//Only affirmative collective action can save India

Only affirmative collective action can save India

Arvind Kejriwal is a mechanical engineer from IIT Kharagpur. He joined the Indian Revenue Service in 1992 and set up his NGO, Parivartan, in 2000. He resigned from the Government in February 2006. Arvind's sustenance is supported by Ashoka's fellowship. An ardent activist, he was honoured with the Ramon Magsaysay award in 2007.Despite aggressive “Go out and vote” campaigns and thousands of Mumbaikars thronging Mumbai roads to express their anger at 26/11 Mumbai attacks, the voter turn-out in Mumbai actually decreased rather than going up. It is easy to blame the middle-class as lazy. But a deeper analysis would show that the people actually do not see a connection between voting and a solution to their problems. In the last sixty years, almost every political party and leader has been tried. But things have gone from bad to worse. People do not see elections bringing any change. They vote and then plead before the same people the next five years.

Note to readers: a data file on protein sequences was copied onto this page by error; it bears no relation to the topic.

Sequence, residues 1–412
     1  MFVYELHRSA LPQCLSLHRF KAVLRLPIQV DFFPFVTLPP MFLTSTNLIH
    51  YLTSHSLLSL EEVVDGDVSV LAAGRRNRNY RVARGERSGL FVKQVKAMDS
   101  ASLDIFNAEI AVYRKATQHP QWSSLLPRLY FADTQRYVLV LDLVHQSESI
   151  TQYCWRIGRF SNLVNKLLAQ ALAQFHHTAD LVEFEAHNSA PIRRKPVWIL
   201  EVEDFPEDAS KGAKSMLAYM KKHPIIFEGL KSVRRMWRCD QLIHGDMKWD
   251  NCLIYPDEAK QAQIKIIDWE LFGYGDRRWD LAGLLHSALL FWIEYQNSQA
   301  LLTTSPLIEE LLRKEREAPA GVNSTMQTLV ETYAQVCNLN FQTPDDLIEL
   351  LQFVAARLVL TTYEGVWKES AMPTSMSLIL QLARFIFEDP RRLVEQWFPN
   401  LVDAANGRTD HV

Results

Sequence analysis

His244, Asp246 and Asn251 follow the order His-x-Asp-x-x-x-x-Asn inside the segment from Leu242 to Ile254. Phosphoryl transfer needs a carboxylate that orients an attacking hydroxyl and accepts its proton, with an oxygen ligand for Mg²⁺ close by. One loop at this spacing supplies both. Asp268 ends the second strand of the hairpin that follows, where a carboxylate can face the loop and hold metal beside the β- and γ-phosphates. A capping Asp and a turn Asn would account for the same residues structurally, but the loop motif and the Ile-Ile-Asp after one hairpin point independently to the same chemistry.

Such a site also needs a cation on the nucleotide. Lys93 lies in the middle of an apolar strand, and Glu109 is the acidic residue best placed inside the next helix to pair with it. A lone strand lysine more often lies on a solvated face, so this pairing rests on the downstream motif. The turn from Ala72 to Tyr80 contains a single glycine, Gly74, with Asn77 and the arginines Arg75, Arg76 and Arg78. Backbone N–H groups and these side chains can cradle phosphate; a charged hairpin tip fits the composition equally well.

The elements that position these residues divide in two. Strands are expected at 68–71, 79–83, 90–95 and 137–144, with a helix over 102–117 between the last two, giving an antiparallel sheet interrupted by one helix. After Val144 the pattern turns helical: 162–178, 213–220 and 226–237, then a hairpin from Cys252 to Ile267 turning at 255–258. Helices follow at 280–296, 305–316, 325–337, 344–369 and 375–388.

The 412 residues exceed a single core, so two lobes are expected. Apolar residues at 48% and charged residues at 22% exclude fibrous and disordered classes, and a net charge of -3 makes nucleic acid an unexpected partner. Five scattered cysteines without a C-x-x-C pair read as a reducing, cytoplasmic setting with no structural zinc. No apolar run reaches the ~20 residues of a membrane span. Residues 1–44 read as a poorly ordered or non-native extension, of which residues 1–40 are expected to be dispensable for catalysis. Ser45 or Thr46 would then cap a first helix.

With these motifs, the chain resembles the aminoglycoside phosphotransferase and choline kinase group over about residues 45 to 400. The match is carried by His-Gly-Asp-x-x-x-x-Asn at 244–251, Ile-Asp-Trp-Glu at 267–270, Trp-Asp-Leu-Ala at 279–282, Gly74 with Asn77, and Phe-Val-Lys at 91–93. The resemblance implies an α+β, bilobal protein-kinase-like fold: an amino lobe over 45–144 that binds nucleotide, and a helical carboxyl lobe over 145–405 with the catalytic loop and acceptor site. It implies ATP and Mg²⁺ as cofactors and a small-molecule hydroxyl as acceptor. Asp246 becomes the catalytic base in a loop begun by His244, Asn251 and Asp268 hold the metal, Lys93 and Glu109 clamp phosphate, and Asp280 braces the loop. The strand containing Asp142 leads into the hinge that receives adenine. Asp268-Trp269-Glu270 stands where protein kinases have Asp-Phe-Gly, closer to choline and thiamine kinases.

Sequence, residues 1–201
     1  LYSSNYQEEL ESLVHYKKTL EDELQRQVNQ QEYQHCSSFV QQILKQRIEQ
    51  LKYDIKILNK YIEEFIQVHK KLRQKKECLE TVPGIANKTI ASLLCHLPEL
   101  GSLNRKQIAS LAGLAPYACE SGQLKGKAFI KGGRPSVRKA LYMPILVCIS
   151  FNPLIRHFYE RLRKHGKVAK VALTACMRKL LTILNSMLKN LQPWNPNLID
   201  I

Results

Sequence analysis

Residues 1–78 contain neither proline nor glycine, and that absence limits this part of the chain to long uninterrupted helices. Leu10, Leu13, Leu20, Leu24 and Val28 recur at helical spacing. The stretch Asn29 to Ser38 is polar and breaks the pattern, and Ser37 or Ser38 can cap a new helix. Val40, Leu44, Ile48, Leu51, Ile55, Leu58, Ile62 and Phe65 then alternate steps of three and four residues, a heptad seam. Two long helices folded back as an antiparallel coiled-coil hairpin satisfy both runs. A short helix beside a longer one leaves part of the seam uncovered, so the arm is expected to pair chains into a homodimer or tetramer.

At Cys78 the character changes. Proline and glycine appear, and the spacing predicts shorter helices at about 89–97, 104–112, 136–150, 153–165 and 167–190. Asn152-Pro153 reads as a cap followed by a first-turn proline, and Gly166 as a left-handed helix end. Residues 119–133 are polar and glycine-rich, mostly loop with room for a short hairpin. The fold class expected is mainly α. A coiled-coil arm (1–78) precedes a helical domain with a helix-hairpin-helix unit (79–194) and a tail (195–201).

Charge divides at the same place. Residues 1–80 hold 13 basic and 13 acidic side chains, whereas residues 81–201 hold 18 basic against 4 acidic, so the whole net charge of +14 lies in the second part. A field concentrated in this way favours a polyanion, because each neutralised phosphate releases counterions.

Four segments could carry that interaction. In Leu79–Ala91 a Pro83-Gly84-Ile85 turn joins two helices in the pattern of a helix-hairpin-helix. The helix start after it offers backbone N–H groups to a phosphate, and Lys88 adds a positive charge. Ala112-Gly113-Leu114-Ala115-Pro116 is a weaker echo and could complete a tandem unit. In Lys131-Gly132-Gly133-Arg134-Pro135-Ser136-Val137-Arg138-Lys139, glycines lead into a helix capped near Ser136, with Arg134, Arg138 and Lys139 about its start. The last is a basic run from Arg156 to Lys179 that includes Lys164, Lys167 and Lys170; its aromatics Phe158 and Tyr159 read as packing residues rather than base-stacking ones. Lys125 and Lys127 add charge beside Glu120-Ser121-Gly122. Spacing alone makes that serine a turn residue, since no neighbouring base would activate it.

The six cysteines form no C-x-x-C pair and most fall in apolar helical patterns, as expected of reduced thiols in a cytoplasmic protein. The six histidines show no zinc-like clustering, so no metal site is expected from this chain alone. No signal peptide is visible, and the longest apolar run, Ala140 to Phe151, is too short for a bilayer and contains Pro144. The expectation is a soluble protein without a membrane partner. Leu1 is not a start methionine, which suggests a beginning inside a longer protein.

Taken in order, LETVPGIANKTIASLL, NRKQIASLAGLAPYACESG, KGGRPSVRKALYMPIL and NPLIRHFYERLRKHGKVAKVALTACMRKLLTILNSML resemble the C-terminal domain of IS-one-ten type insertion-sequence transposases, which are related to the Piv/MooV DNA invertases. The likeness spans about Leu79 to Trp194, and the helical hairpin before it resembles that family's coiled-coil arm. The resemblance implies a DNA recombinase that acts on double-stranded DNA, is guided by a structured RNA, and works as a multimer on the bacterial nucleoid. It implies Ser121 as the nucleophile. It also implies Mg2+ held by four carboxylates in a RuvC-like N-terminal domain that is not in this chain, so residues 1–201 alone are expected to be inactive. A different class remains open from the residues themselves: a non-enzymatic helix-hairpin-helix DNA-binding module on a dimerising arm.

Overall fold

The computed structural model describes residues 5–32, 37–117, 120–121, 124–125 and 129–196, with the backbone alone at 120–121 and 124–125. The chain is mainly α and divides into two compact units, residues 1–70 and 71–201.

For example, can you as a citizen do anything if a school teacher does not turn up to teach at your local government school? If a doctor in a government hospital does not attend to patients? If a ration-shopkeeper is siphoning off ration supplies? If a policeman does not respond despite repeated complaints? If the engineer colludes with the contractor and makes a road which wears off within a few days? If a sweeper does not turn up for work and your area remains dirty and unhygienic?

All we can do is complain to higher authorities. In all likelihood, these individuals don’t care to act on our complaint. In short, we have no control over the teachers who don’t turn up to teach at government schools, or janitors who sweep the road, the ration-shopkeeper, the government-hired contractors, the politician, the policemen or the bureaucrat.